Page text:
BROOMFIELD, Colo. –- Colorado Wildlife officials are asking the public to stop shooting eagles, hawks, falcons, vultures and owls.
In the spring, Birds of Prey Foundation, which is a bird hospital and rehabilitation facility in Broomfield, began keeping track of how many of their patients have been shot. Through five months, 11 birds have come in with pellets, BBs or bird shot lodged in their bodies.
“We’ve always gotten shot birds but not so many in such a small amount of time,” Desirae Kovacich, ICU Manager at Birds of Prey Foundation told FOX31.
She said while they did not keep statistics until recently, the number of shot birds has “definitely increased” compared to previous years. According to Kovacich, the rehab center would only see five to ten shot birds a year.
The increase in shot birds has caused the center to change is policy regarding incoming patients. Now, almost every bird is given an x-ray to determine if there are pellets in its body, which increases the cost of care.
Pellets and BBs can cause bone fractures in the birds, which can’t always be repaired.
“We do lose a lot of them,” Kovacich said. “The birds have to be able to fly, hunt, all those kinds of things so if they’re not able to do those things then we can’t release them and it’s a sad outcome.”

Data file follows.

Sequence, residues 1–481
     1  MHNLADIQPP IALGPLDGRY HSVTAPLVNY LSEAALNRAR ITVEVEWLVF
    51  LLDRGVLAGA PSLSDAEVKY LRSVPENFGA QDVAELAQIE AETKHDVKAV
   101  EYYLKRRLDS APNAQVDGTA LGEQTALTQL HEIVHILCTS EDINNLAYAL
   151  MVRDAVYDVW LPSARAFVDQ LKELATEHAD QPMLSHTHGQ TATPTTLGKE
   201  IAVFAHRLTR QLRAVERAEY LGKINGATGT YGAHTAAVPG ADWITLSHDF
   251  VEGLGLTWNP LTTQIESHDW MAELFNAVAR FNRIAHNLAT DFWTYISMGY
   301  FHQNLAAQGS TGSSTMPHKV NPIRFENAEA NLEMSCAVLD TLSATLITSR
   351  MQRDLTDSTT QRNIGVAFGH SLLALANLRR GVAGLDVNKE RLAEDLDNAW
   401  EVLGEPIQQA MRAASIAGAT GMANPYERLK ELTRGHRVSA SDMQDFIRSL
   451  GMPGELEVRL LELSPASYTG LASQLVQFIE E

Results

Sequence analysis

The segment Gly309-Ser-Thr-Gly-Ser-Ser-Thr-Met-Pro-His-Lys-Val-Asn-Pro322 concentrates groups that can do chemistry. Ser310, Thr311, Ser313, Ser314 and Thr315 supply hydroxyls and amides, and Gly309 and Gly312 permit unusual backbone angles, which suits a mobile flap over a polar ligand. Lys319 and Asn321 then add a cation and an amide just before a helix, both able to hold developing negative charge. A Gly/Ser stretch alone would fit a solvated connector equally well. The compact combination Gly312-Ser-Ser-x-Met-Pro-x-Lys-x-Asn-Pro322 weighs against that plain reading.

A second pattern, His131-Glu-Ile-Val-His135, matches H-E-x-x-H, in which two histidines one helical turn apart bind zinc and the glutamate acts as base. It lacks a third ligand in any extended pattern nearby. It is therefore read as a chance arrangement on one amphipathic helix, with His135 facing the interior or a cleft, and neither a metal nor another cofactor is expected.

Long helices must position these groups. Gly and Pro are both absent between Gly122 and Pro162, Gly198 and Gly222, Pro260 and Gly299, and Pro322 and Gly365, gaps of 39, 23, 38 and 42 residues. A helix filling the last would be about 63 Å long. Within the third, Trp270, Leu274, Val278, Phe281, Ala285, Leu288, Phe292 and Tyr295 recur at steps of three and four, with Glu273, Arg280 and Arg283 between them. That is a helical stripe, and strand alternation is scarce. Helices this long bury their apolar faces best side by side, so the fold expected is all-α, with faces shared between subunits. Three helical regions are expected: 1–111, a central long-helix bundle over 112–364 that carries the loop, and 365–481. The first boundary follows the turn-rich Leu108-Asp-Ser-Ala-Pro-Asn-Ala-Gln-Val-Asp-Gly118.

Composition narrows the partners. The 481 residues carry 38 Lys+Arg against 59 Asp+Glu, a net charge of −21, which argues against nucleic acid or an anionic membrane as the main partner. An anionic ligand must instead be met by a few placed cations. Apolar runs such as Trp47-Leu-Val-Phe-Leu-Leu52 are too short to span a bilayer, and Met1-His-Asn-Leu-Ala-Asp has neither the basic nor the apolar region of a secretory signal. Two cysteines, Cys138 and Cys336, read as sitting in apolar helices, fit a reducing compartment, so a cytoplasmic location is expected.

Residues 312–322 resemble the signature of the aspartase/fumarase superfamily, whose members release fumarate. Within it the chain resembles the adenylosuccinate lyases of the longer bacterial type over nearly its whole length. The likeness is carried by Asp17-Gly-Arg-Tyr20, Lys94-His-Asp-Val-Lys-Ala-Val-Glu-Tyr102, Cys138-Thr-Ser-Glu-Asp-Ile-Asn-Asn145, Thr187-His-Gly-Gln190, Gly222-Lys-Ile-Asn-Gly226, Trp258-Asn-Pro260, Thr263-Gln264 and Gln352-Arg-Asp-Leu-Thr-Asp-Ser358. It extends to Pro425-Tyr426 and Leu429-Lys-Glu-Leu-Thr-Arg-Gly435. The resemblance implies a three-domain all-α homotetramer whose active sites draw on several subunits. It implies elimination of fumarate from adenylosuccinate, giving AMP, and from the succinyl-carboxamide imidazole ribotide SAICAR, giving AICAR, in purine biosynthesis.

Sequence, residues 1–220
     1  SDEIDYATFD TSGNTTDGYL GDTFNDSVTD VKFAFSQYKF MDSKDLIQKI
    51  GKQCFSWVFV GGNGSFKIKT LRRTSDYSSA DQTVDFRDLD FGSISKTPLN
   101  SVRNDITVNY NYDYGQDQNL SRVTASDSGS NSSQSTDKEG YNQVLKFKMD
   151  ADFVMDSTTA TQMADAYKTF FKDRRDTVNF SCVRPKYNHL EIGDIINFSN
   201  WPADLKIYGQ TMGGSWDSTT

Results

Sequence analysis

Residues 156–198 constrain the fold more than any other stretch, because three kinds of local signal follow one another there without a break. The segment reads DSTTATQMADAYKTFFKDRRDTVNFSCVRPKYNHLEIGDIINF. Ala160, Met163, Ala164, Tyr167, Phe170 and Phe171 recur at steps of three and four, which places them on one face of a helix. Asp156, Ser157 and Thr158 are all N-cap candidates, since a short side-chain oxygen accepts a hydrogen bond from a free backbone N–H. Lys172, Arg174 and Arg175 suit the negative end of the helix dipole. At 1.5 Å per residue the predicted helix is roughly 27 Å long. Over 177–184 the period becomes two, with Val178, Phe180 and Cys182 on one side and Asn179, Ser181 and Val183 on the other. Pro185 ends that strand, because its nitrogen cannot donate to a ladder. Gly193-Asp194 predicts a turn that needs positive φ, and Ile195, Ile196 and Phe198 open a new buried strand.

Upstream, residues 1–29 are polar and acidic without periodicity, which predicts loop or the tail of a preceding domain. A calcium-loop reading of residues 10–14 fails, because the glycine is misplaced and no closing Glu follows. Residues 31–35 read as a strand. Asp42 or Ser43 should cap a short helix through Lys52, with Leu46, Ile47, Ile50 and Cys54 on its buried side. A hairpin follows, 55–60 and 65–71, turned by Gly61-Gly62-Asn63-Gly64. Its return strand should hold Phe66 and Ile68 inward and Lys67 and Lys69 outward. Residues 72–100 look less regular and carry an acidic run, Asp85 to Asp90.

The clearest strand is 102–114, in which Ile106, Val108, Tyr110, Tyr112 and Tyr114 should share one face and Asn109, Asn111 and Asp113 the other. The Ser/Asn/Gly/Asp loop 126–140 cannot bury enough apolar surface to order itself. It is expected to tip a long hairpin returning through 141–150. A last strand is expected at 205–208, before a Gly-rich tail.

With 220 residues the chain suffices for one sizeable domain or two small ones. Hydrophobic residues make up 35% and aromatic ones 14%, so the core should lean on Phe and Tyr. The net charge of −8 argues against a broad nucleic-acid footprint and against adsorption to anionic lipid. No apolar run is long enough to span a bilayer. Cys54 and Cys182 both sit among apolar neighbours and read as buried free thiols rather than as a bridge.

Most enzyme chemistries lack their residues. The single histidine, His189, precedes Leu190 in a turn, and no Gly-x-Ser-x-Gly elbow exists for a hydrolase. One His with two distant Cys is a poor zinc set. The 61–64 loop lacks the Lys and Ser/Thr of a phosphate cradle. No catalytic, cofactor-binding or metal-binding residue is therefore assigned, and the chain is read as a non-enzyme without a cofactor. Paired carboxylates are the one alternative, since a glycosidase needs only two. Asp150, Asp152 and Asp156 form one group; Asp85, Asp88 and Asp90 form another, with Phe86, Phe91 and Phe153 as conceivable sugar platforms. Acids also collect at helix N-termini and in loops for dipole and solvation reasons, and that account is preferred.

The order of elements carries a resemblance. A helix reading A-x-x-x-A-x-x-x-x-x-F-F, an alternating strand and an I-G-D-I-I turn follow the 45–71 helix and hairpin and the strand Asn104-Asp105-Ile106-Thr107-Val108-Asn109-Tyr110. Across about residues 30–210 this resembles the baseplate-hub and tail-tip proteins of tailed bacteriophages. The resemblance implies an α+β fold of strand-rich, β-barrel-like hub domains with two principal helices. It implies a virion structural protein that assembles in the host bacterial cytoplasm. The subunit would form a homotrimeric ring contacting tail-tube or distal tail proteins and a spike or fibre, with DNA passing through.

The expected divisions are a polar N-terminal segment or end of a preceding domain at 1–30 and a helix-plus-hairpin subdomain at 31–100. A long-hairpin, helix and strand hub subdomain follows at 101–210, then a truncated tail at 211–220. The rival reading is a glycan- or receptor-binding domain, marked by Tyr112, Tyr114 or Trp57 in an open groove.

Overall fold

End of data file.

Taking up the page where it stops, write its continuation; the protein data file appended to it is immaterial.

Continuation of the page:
She says the injuries weigh heavily on the rehabilitation team that cares for the animals.
“The more that come through, the harder it is for all of us. It’s very frustrating and it pulls at your heartstrings to see birds that [have] a completely preventable injury,” she said.
According to Kovacich, the injured birds are coming in from all over the metro area. She says shooters don’t seem to be targeting any specific kind of bird.
Shooting, killing or hunting birds of prey is illegal in Colorado. If caught, a person can face a fine or jail time for the crime.AlertMe